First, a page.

From GDPR to HIPAA, and ever-evolving state and federal regulations, the need for clear and effective strategies for management of seemingly endless amounts of data is at an all-time high. Organizations must focus on Information Governance not only to minimize potential liability, but to improve operations and reduce costs.
However, effective information governance goes beyond managing data creation, storage, security, and transfer; it also encompasses data destruction. As the amount of data grows at an exponential rate and the use of cloud-based storage proliferates, the need for clear procedures around offloading irrelevant, outdated, or restricted information is greater than ever. Yet many organizations fail to adequately address this aspect of data management, whether out of fear of destroying the wrong information or concern about the time and cost involved in determining what to delete.
Every day organizations deal with the impact of keeping too much information. For example, most corporate, legal, and tech professionals alike have encountered redundant drafts of internal memos or prior software workflow guides simultaneously littered across email inboxes, file share sites, server locations, and even multiple workstations (both physical and virtual). Then there are the long-unused databases clogging up resource bandwidth as well as hard media with sensitive contents in need of return, wiping, or disposal. And let’s not forget information retained due to endless legal holds.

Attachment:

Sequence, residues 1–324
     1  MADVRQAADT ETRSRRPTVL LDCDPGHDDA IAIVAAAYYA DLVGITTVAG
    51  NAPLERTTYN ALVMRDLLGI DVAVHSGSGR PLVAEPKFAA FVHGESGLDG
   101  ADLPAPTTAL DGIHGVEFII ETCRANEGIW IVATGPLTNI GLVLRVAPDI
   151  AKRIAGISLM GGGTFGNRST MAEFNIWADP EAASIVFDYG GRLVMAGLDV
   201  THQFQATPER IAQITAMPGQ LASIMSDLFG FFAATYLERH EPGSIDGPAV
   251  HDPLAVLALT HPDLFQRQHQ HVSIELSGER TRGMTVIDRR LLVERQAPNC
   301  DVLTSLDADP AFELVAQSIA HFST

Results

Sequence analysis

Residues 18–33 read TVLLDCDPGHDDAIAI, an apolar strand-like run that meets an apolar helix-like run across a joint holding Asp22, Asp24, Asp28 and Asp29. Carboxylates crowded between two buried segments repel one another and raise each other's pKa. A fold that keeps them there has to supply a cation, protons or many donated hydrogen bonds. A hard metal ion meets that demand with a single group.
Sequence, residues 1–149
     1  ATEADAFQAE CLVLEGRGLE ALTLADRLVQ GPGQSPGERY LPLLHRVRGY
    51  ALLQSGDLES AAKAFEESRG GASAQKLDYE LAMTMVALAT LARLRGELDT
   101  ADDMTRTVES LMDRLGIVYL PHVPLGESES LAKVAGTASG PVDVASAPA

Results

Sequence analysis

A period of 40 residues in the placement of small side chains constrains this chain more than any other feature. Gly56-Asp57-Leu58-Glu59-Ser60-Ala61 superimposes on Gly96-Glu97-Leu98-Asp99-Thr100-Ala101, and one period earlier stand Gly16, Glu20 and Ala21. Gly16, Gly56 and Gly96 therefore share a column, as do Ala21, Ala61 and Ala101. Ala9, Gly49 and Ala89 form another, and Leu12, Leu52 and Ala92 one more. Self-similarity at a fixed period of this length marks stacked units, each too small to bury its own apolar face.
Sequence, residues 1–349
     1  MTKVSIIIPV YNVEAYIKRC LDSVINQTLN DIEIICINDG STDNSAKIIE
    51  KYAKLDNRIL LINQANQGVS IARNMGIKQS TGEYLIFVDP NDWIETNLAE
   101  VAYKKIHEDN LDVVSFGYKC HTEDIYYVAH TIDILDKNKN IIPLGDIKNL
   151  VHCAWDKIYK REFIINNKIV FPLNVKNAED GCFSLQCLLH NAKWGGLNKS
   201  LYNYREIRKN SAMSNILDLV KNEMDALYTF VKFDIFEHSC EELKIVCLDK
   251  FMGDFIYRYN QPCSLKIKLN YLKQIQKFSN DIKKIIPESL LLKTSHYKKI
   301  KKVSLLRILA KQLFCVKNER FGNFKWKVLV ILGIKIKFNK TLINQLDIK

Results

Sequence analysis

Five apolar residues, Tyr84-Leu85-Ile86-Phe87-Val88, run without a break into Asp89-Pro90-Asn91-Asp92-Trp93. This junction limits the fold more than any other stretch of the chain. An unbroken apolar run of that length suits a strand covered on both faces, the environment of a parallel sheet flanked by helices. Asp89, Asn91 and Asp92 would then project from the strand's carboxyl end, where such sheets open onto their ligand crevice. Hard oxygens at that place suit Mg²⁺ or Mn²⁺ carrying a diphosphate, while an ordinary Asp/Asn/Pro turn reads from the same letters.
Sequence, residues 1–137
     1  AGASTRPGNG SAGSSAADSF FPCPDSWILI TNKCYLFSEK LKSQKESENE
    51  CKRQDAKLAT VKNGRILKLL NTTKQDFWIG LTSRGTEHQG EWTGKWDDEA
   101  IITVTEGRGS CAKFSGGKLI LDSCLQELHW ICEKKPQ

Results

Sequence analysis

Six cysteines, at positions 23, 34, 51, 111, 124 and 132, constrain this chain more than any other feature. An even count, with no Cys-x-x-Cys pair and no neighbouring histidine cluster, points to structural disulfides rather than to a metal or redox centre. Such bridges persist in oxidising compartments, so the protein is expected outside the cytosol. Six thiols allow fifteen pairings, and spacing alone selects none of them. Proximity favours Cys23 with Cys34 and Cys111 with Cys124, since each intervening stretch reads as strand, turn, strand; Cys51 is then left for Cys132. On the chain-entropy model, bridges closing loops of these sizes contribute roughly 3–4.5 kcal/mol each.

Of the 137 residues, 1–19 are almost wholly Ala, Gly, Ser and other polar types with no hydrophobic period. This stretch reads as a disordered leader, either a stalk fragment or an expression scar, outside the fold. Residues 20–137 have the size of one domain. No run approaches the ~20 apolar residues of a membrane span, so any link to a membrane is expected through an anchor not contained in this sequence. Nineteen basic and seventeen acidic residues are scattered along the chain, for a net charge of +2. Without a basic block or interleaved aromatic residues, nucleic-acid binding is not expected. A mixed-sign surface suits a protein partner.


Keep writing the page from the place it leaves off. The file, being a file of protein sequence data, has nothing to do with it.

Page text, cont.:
To address these problems, effective and defensible data destruction policies must consider various issues including:
- Who is responsible for data destruction?
- How can you minimize and streamline repositories for information to help avoid searching multiple locations for the same data?
- How often should you scan for space-depleting items for potential deletion?
- Do you receive client requests to destroy data and verify it no longer exists? If so, are there sufficient guidelines around documenting chain of custody and purging information in a defensible manner?
- What destruction measures are in place to ensure data is truly gone and unrecoverable? Conversely, what methods or applications are in use to ensure relevant data is not deleted?
These are just a few of the crucial questions currently posed by ever-evolving Information Governance frameworks like the Information Governance Reference Model (IGRM). The goal of the IGRM is to help stakeholders understand their role in information management for the organization. In the context of establishing data destruction policies, the questions above help illuminate the need for proper data destruction controls, ideally developed collaboratively with inputs from all key stakeholders.
CDS has experience through every element of the eDiscovery process, including helping to design effective information governance processes. Contact us for a consultation about your organization’s needs.